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The Ontario Court of Appeal recently weighed in on the controversy concerning offensive blog posts by employees about managers. The Ontario Court of Appeal agreed with the Human Rights Tribunal of Ontario (“HRTO”) that, in this case, the blog posts did not offend the Ontario Human Rights Code (“Code”).

The blog in this case was operated by the local branch President of a union. During a period of labour unrest, the author of the blog wrote a post about a manager, stating that the manager only got her job because of her “boyfriend”, among other offensive remarks. An anonymous poster then made a comment to the effect that the same manager was not as good as her common-law spouse. After some pressure from management, the author of the blog stopped making new postings and made his blog inaccessible without a password. The blogger was not disciplined as a result of an agreement reached through collective bargaining.

The manager later filed a complaint under the Code, alleging discrimination and harassment, or more specifically, that the above-noted blog posts belittled her on the basis of sex and marital status. Before deciding whether that was true, the HRTO had to determine, as a preliminary matter, whether the claim for discrimination was “with respect to employment” under s. 5(1) of the Code, and whether the claim for harassment was “in the workplace” under s. 5(2) of the Code. The HRTO concluded that the blog posts were protected by s. 2(b) (freedom of expression) and s. 2(d) (freedom of association) of the Canadian Charter of Rights and Freedoms (“Charter”) and therefore did not fall within the definition of “with respect to employment” or “in the workplace”.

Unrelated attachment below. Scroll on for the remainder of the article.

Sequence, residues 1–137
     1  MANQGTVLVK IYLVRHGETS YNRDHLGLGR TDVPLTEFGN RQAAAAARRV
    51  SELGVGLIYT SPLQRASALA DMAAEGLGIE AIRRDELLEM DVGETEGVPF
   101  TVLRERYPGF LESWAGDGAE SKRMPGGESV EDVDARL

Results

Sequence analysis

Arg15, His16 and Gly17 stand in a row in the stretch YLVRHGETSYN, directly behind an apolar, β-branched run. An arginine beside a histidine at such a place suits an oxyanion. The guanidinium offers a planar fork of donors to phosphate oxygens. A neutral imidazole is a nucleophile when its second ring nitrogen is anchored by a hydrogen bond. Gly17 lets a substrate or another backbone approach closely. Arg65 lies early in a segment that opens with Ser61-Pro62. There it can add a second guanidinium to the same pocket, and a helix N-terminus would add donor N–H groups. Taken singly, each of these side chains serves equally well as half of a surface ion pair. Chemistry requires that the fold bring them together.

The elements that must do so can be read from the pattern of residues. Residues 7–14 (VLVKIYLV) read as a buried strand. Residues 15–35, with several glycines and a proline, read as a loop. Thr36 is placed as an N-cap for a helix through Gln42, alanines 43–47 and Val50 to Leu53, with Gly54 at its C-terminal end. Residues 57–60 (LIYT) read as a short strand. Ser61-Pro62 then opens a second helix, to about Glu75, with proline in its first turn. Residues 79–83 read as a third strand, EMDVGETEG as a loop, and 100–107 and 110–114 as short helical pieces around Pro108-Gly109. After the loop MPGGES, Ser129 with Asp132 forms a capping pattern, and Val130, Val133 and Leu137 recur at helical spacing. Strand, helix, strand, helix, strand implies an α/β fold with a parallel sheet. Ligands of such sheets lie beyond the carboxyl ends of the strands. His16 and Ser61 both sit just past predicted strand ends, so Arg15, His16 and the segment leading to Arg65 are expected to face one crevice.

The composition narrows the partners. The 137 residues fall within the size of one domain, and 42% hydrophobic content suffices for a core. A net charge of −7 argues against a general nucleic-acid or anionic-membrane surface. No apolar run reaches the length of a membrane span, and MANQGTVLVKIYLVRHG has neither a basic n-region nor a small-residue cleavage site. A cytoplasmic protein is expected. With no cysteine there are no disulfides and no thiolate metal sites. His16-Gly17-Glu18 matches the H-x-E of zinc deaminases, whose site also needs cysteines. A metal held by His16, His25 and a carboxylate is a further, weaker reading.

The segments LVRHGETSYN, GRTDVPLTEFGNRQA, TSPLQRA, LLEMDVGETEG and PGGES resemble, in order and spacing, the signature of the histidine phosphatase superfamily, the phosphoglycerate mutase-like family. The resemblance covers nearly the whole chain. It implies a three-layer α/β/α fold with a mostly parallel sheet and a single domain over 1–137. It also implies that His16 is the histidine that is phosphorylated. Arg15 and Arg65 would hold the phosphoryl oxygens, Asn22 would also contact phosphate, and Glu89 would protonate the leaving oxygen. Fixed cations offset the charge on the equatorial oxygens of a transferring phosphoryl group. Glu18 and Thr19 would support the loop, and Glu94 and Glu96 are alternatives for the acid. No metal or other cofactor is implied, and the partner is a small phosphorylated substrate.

The Court of Appeal concluded that the HRTO acted reasonably by dismissing the complaint. The main issue before the Court of Appeal was whether the HRTO erred by considering “Charter values” in this case. The manager relied upon a longstanding legal principle that Charter values are only relevant in interpreting a statute when the statute is ambiguous. The Court of Appeal concluded that this principle applied to statutory interpretation, but did not apply to decisions by an administrative tribunal.

The Court of Appeal also concluded that administrative tribunals are empowered, and indeed required, to consider Charter values when making decisions. In this case, the HRTO was not only permitted, but required, to consider freedom of expression and freedom of association when deciding this case. The HRTO had properly identified that freedom of expression and freedom of association were engaged by this case, as even offensive or distasteful expression (short of calls for violence) warrant Charter protection. The HRTO proportionately balanced the Charter rights against the purposes of the Code. In this case, the HRTO reasonably sided with the Charter rights. The HRTO came to this conclusion in large part because of the following four factors: (1) the comments were on a matter of general union concern, during bargaining; (2) the manager was not upset by the sexist comments, but rather by the comments about her private relationship; (3) there were no human rights-based effects in the workplace; and (4) the posts were only available for a month, and there was a voluminous amount of other posts that did not mention the manager.

This case is noteworthy for two reasons. First, this is the clearest case to date for the principle that administrative tribunals must always consider the Charter consequences of their decisions. Second, this decision may prove relevant when considering the disciplinary consequences of off-duty misconduct. Employers are more frequently resorting to discipline in response to Facebook posts or blogs written by employees. This Court of Appeal decision may constitute a warning to employers that criticism by employees is Charter-protected activity. The Court of Appeal may also be signalling that courts will take a similar approach in wrongful dismissal actions as well.


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This content is not intended to provide legal advice or opinion as neither can be given without reference to specific events and situations. © 2021 Nelligan O’Brien Payne LLP.

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